Field Naturalists Club of Victoria Inc

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					                  Field Naturalists Club
                  of Victoria Inc.
                  Understanding Our Natural World
                    Reg. No A0033611X
Postal Address:       Locked Bag 3, Blackburn Victoria, 3130 Australia
Club Address:         1 Gardenia Street, Blackburn Victoria, 3130 Australia

Ph/Fax:               03 9877 9860
Website:                                 Est. 1880

Submission to the DSE Land and Biodiversity at a Time of Climate Change Green Paper,
from the Field Naturalists Club of Victoria (FNCV)

The Green Paper provides a good overview of the issues that are important drivers of
change to the Victorian environment. Victoria is very rich in native biodiversity because it
comprises elements of most of the Australian biogeographic zones, including alpine, arid,
temperate and rainforest. Victoria contains areas of the most threatened system in Australia
(the temperate native grasslands), and potentially one of the most threatened systems under
current climate change predictions (the alpine region). Other systems are severely degraded
through native vegetation clearance, salinity, weed invasion, and feral animals. A high
proportion of Victoria’s fauna, flora and ecological communities are under varying degrees
of threat.

Victoria was a leader in Australian conservation with the passing of the Flora and Fauna
Guarantee Act in 1988, which enabled the listing of threatened taxa, communities and
threatening processes. However, while the FFG Act has gone some way toward addressing
some of the environmental problems, the situation has not significantly improved. Blame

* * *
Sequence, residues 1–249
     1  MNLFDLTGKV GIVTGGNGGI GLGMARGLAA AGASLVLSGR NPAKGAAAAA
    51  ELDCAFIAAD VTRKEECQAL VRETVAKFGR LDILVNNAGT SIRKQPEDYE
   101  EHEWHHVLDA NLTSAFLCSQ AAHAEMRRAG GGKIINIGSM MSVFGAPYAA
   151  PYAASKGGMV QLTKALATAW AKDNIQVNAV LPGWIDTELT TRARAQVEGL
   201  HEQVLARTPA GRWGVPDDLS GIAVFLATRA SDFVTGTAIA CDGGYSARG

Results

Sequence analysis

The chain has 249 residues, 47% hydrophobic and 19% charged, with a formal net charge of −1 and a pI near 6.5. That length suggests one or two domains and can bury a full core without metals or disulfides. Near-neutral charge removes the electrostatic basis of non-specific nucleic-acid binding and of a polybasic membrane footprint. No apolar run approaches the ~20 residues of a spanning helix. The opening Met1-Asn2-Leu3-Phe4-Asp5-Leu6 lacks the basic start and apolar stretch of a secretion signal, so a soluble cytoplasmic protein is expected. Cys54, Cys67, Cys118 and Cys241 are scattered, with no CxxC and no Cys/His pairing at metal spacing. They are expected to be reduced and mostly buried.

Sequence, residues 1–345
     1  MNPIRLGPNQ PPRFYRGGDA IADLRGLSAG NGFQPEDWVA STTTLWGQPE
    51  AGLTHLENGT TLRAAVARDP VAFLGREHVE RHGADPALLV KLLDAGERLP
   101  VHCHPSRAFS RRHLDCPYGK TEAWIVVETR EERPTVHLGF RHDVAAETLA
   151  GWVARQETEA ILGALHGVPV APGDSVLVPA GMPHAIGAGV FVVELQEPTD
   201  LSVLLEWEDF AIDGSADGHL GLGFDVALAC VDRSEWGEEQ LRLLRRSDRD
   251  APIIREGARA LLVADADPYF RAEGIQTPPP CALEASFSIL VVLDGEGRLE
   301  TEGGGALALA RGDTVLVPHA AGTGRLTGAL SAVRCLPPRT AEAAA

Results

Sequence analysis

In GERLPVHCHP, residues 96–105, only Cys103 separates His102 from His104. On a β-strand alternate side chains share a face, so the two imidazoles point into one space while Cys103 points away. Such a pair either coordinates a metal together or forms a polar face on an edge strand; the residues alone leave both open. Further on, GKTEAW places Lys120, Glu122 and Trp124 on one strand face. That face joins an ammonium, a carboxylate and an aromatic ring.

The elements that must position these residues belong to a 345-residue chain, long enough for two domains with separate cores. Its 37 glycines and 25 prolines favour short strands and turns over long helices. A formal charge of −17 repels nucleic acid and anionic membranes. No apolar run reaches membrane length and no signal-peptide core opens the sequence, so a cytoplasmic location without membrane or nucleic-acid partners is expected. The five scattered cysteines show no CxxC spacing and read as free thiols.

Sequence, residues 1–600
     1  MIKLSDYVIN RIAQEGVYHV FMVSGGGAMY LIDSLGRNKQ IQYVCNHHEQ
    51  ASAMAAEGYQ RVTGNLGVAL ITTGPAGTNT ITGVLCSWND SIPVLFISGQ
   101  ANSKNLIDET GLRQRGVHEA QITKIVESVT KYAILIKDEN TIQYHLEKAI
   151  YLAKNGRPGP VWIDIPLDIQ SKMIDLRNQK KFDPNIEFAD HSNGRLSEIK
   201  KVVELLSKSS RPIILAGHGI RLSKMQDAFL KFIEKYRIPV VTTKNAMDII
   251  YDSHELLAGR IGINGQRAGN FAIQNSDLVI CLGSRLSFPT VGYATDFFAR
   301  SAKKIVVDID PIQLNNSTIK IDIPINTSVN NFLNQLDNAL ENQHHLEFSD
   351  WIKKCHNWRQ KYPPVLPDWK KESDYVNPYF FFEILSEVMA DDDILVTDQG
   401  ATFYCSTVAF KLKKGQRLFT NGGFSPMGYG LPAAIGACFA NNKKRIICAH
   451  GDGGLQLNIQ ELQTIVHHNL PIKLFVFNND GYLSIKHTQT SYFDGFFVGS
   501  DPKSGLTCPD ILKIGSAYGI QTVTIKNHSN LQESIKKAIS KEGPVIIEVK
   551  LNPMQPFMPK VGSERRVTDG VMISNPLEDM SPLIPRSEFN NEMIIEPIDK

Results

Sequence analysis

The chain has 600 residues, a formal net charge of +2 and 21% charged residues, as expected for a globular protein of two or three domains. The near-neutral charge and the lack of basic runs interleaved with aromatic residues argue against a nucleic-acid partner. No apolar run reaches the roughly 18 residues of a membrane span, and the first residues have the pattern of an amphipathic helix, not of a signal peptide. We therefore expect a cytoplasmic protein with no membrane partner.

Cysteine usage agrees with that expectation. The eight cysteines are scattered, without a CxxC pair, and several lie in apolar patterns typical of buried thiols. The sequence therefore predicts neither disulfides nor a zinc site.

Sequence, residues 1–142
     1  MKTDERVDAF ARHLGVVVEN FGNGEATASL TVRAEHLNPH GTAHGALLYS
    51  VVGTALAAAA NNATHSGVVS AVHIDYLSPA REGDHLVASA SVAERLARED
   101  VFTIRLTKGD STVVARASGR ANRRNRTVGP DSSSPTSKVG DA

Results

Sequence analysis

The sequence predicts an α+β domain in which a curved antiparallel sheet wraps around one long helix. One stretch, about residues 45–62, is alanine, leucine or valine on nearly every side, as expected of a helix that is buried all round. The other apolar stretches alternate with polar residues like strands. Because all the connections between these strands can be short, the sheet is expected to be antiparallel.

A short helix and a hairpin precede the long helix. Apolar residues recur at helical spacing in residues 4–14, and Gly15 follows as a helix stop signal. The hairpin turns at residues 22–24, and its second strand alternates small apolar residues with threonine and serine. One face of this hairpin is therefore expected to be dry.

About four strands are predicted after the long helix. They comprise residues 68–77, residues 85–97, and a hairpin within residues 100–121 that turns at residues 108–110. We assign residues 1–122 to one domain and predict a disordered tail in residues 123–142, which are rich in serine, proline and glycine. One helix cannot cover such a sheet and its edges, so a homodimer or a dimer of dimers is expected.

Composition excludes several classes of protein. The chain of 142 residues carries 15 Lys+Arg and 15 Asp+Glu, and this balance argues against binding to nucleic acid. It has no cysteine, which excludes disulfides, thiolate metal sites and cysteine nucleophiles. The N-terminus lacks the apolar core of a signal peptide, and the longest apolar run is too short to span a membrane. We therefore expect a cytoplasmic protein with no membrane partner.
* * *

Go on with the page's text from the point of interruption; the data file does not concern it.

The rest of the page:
cannot be attributed to the FFG Act; the lack of success is due to the lack of commitment
and resources by Victorian Governments of both political parties.

The FNCV believes that the Land and Biodiversity Green Paper is a missed opportunity for
the Government to show leadership in environmental stewardship. The recommendations
of the Green Paper primarily give a green light to continuing the current status quo for
biodiversity conservation in Victoria. Some of the current programmes are very good, but
some are ad hoc, and the Green Paper should be an opportunity to provide a strong and
inventive framework for land and biodiversity. Most disappointing is that there is no clear
commitment to adequately resource biodiversity programmes. Instead, the Green Paper has
a strong emphasis on market solutions.

The Green Paper needs to provide firm commitments to:
•  stop the clearing of native vegetation;
•  ensure effective environmental flows for rivers;
•  resource and manage the reserve system across the State;
•  better control weeds and feral animals; and
•  provide a landscape that will protect native biodiversity against future climate change.
The FNCV believes that these objectives can be achieved only with firm commitments to:

(1) documenting our flora and fauna;
(2) long-term monitoring of flora and fauna, especially in the face of climate change; and
(3) decision-making based on a greater understanding of the importance of native
    biodiversity for the provision of ecosystem services.

The FNCV thanks DSE for the opportunity to comment on the Green Paper, and looks
forward to a White Paper that takes on board the issues outlined above, in order to
conserve Victoria’s unique biodiversity.

(Dr) Gary Presland

30 June 2008


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